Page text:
Kitchen flooring, Poor training courses, and more. In this episode, Andy, Robin and Adam discuss the difficulty of selecting the best teacher training programme. Are there too many options? How does a teacher know where to start looking? Plus, what can we learn from Singapore’s teacher training model?
The school of school podcast is presented by:
Subscribe to get the latest The School of School podcasts delivered to your inbox.
Hi, I'm Andy Psarianos.
Hi, I'm Robin Potter.
Hi, I'm Adam Gifford.
This is the School of School podcast.
Are you an early years teacher struggling with lack of support for lesson planning? Foundations can help. Foundations is the new reception programme from Maths — No Problem! It's a complete reception package with workbook journals, picture books and online teacher guides, all in one place. Visit mathsnoproblem.com today to learn more.
All right, welcome back everyone to the School of School. And we've got the core team here, say hello, Robin.
And Adam say hi.
How you doing everybody?
Now, neither of that, you see Robin conformed to my, but Adam said something entirely different. I'm just pointing that out. I don't know what it means, but anyway, today we're talking about, how do I select the best teacher training? And I guess that's a question for both individual teachers as themselves, as well as school administrators. What do you think, Adam? What do you think about this?
Well, I was really curious because I think about teacher training. I think what a hugely, hugely important role that plays in the success of children, because you know, you want to be trained well and what does good teacher training look like? And we got models from overseas. So I thought, I just got a bit curious over the weekend. I thought I'll have a wee look. So if I was restarting my career and I thought, "I'm going to try to be a teacher, where shall I get trained?" So I typed in teacher training and then I went to the government website, because I thought, well, anything government related it'll be accredited. So it'll be legit. So I put in primary, I didn't subject specialise. I just said primary. And I just said, find a course for me. Do you know how many courses there are in England to be a teacher? Have a guess.
How about that.
That's too big Robin. How many do you think? Maybe I just, I find found it stunning, but maybe I shouldn't have done.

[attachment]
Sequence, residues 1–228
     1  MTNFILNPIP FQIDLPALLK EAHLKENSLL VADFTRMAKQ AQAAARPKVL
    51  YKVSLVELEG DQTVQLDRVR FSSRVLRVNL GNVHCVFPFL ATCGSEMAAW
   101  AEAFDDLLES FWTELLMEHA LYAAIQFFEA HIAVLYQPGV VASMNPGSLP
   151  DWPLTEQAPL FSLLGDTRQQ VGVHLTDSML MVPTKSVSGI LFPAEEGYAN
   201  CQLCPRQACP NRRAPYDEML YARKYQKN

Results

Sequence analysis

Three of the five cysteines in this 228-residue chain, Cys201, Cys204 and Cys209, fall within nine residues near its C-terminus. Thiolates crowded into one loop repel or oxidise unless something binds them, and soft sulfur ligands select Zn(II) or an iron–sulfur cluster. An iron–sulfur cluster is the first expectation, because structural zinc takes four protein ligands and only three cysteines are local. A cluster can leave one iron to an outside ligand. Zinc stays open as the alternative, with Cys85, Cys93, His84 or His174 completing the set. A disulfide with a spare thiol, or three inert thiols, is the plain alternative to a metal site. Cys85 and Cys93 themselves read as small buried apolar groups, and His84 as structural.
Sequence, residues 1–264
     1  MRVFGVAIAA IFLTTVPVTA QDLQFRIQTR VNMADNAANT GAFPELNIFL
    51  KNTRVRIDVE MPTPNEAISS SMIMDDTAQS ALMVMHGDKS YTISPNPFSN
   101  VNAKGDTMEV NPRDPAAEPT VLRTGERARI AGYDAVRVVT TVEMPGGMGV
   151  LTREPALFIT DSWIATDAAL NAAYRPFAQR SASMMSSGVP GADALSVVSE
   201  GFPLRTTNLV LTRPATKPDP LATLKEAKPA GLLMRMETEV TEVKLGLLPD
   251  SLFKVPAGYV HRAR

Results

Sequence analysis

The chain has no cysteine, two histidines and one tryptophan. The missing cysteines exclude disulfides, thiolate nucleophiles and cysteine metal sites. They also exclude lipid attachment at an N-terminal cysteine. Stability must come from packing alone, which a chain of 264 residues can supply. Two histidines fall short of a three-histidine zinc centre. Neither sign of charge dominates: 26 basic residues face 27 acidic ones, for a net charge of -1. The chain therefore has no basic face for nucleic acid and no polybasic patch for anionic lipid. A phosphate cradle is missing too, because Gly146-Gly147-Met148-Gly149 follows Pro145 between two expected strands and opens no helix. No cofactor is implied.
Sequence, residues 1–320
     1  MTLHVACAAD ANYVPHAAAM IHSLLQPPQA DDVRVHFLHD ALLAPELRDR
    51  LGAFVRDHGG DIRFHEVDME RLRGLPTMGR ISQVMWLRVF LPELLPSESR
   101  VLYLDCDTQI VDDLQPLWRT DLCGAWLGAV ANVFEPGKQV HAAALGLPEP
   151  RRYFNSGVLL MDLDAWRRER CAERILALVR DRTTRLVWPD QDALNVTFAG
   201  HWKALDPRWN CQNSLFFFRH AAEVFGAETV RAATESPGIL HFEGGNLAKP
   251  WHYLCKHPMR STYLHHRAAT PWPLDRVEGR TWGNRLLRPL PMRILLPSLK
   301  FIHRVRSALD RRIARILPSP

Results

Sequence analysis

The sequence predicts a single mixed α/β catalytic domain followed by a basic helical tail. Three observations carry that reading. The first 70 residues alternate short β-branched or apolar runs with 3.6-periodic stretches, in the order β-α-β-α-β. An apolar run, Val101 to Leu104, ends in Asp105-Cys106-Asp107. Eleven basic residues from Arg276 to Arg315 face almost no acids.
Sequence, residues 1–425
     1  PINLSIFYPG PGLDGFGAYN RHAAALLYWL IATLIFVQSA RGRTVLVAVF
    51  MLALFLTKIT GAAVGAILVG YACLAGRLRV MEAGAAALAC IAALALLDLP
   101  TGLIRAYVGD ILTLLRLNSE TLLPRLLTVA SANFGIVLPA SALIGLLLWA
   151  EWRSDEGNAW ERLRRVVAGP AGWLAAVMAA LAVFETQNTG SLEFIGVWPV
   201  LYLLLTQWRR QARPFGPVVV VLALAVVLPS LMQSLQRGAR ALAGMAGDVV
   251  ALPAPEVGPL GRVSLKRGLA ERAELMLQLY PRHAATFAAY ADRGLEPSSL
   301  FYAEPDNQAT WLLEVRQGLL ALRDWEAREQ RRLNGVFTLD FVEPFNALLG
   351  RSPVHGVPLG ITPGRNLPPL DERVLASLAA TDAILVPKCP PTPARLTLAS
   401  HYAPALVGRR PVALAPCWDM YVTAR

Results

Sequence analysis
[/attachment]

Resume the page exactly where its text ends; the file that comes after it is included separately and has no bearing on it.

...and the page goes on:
Oh, see, close to a billion.
Different courses that you can click on a link and apply to become a teacher. So that got me curious, right? So I thought, I want to click on some of these links because how do I, Adam, coming into this for the first time, I don't know how, what makes a good teacher? I've got no idea, but all I want to do is train it because I like working with children and that sort of stuff. So I start to click on them and then some of them, when you look at About This Course, so you click on a link, some of them are sort of school direct, right? So there's just a single school that's doing this, you click on it and it'll tell you a little bit about the school and it might have a couple of quotes, but it might not.
And it got me thinking, this is really interesting because how do we, and I hope there's an answer to this because that's up until where I got to, I started to think, "how do we quality assure the teacher training that's done, when we've got 1,198 courses all offering the same thing, which is at the end of it, you become a teacher?" I just found it a lot. Especially when the programme isn't standardised in the same way as if I, say, wanted to learn to ride a motorbike, right? There's a specified number of hours that I need to spend on a certain engine rated motorbike. And I've got to do this piece of written work and I've got to do this and this. Whereas I think, yes, there's fundamental core aspects of teacher training, but I just, is it just me? Do you find that number staggering?
Well, it sounds like a lot, but I'm not sure if I'm seeing the whole picture. I mean, that was a general, for primary...
I'll break it down for you, Robin. I'll break it down for you. So, where a lot of the numbers come from, is let's just say, a local school round here works with, say school direct. So you can come into that school. You can apply to work and train as a teacher and that school will get funding. And they're often associated with another institute or group or trust that has been given, if you like, the ability to qualify a teacher. I just thought it was a huge number that I couldn't find easily. The best I could find in terms of that sort of differentiator or the, as part of that being a quality assurance or just some sort of statistics about the group that's offering the training. It was very difficult to find in and amongst that number. So if I was starting out as a training teacher, I struggled to, what do we do? And I just...
Especially as a new teacher, right? Like you're saying, the new teacher needs some direction. I mean, I don't know if the school gives direction, but that does sound a bit staggering or overwhelming for a new teacher to walk in and think, where do I even begin?
What are you puzzled about Adam? Is this stuff regulated enough? Or is it, how does a teacher decide which one to take?
Yeah, I think the reason why it piqued my interest and why I started looking into it is because I thought, if you're deciding to be a teacher, and you want to choose the right training, that suits you, right. How do you differentiate between all of the providers who offer you that level of training. Especially when, and this is the part that I think is the part that is my...